when he attempted to tell his stories before becoming part of Mangos. Speaking about his
previous writing and performing career, Amaan said,
I lived in Portland, Oregon from 1996-2005. It was a really difficult time for me.
There was not an identifiable QTPOC crew of artists. I was surrounded by a lot of
white people who thought they had oppression all figured out. I was under attack
a lot because of who I was… Just my presence on the stage elicited a reaction. So
often, I wasn't heard. People didn't focus on my work, because they felt so
threatened by my body, my person in front of them... People lashed out at me
when I named the oppressions I was dealing with. I had numerous intense mental
health break downs and 'went crazy'. I 'went crazy' because I needed to be
supported in my path as a writer, as a poet. I needed community. When I moved
to the Bay in 05, and later started hearing about Mangos, I could finally exhale a
little. I just needed to be with other QTPOC artists.
In naming experiences of oppression, both Manoj and Amaan were shut out and invalidated by
those with whom they attempted to share their stories. For these queer and transgender artists of
color, the mere act of acknowledging that racism, homophobia and transphobia exist was enough
to elicit a hostile response from white audiences. This is perhaps why queer and transgender
artists of color have found solace, or been “able to exhale” when given the opportunity through
Mangos to co-create with other supportive queer and transgender artists of color and share their
work with audiences who could relate to experiences they were writing about.
Speaking about how Mangos audiences have responded to his work, Amaan said,
“When I went on tour, I had no idea that my work would have so much impact. I'd
say that every show I did on tour, I made folks on the masculine spectrum cry. I
was not expecting that at all. I had trans guys, cis[gender] guys come up to me
and thank me with tears in their eyes or weepy...They'd say, “Wow I've never
heard anyone talk about the barbershop like that, or talk about testosterone or
transition or the impact of misogyny as viewed through transition like that, etc...’
Amaan’s experience illustrates the significance of being able to speak to an audience who can
identify with your experiences. Unlike the hostile responses he got in Portland, Mangos
audiences of tour were moved to tears by Amaan’s work because they identified with it so
strongly. This again speaks to the importance of the spaces that Mangos creates which center the
experiences of queer and transgender people of color and allow them to speak directly to and
validate each other.
This sense of belonging based on shared identity, which Ramirez describes as “cultural
citizenship,” was described as “feeling at home,” by another Mangos performer. Yosimar Reyes,
a Mangos featured poet who identifies as a two-spirit mexicano, compared the experience of
performing for Mangos audiences to the straight audiences he usually performs for, saying,
Performing in a Mangos show I feel at home. For once I don’t have to explain my
work because people get it. It’s like I’m simply holding a mirror to one part of our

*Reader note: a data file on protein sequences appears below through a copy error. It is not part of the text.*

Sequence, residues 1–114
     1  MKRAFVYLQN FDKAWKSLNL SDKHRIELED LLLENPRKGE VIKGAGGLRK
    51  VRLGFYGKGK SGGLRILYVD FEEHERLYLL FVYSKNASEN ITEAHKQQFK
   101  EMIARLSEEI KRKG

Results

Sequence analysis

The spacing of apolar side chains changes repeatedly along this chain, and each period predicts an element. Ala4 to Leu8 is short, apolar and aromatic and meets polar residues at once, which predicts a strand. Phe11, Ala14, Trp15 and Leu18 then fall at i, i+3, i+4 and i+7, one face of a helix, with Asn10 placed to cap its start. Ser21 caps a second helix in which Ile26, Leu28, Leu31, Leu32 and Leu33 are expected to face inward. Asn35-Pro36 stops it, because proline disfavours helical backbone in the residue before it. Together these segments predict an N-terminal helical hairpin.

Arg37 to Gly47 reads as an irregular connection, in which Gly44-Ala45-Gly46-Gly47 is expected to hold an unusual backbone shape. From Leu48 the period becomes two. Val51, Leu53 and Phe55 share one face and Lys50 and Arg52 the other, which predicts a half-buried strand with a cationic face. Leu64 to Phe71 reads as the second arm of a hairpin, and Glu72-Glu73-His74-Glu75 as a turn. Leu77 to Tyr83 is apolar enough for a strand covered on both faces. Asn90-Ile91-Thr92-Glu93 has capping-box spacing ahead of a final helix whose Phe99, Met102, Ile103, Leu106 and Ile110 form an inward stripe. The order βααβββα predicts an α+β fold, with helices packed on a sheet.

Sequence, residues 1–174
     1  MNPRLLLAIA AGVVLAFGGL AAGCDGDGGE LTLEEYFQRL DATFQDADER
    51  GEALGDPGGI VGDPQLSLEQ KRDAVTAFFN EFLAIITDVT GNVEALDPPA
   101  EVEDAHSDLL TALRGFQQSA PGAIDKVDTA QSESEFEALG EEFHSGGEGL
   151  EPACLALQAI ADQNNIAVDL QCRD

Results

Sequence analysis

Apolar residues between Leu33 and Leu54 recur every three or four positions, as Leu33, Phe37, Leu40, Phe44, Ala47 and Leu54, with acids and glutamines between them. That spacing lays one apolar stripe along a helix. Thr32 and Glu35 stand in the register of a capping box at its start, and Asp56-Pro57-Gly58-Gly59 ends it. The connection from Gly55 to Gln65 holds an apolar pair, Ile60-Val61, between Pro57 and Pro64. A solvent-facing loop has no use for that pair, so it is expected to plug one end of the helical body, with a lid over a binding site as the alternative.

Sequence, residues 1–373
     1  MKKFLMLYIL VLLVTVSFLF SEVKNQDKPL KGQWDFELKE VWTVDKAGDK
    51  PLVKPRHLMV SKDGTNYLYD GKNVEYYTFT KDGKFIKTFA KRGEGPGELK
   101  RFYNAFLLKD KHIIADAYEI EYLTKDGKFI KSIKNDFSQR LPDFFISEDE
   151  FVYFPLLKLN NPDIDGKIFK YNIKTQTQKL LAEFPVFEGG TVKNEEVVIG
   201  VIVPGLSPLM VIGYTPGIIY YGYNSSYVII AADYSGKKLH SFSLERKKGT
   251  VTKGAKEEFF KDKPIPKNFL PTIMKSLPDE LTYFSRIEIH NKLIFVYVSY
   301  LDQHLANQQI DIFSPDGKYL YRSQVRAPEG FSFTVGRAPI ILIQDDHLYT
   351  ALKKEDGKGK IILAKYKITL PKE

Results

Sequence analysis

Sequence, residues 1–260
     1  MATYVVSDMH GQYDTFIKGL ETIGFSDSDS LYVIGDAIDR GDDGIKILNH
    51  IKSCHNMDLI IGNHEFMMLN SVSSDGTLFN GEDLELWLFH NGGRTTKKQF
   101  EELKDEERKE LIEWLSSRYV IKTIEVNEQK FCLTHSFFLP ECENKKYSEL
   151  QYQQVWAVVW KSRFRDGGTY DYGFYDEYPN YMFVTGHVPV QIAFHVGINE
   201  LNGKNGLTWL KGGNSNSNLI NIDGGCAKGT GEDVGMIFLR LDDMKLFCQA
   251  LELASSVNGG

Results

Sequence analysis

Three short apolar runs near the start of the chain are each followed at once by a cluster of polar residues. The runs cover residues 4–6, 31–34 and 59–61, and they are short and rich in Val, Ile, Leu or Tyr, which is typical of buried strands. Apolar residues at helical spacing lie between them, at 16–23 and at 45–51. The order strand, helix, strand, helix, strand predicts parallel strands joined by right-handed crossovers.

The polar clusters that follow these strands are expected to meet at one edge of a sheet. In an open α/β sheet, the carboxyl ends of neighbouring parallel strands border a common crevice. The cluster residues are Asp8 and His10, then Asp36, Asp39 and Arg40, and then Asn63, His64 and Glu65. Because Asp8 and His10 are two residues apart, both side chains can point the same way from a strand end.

story. When performing with Mangos I feel free to question and let loose. I do
poems that celebrate our survival and feel a lot more comfortable speaking about
more personal narratives since there is no better place to heal then with people
that understand where I am coming from. (emphasis added)
As conversations with audience members from the next section testify, they are indeed able to
relate to where Mangos performers are coming from. The stories from this section speak to how
the artists have been validated and supported by the audiences. In the next section, we will see
how by sharing stories the audience can relate to, the artists also validate the audiences and allow
them to see themselves as part of the world.
[At] some of [the performances], I was like “Damn, I felt that, but I didn’t know
how to say it, and I’m so glad that you’re saying it to me. I’m so glad that
somebody can say it, because I felt just like that.” –Alana, audience member
Perhaps the most validating part of the Mangos experience is not seeing people “like
you” on stage, but hearing them speak experiences that mirror your own. Because queer and
transgender people of color’s stories are often suppressed, many of us feel isolated. The lack of
representations of people like us out in the world contributes greatly to these feelings of
isolation. Being able to identify with stories that Mangos artists share helps to reduce this
isolation. For example, Jack, who identifies as a white, gay, transgender man makes a clear link
between seeing his experience reflected on stage in the work of mixed-race Mangos artist Nico
Dacumos, and the realization that he is not alone, saying,
As a transgender man… the way he talked about himself I just found really
moving and validating of my own personal experience of not being a ‘man’s man’
or whatever… In one performance, he was talking about looking in the mirror,
dressing up, binding and presenting mixed gender cues… how he wanted to be
presenting himself versus how he perceived himself in the mirror. He was…
wondering about what other people would see when they saw him on the street
and I was like, ‘Yeah, I identify with that… I think go to Mangos show to be
reminded of that I’m not the only person like me, period. Even as a white person,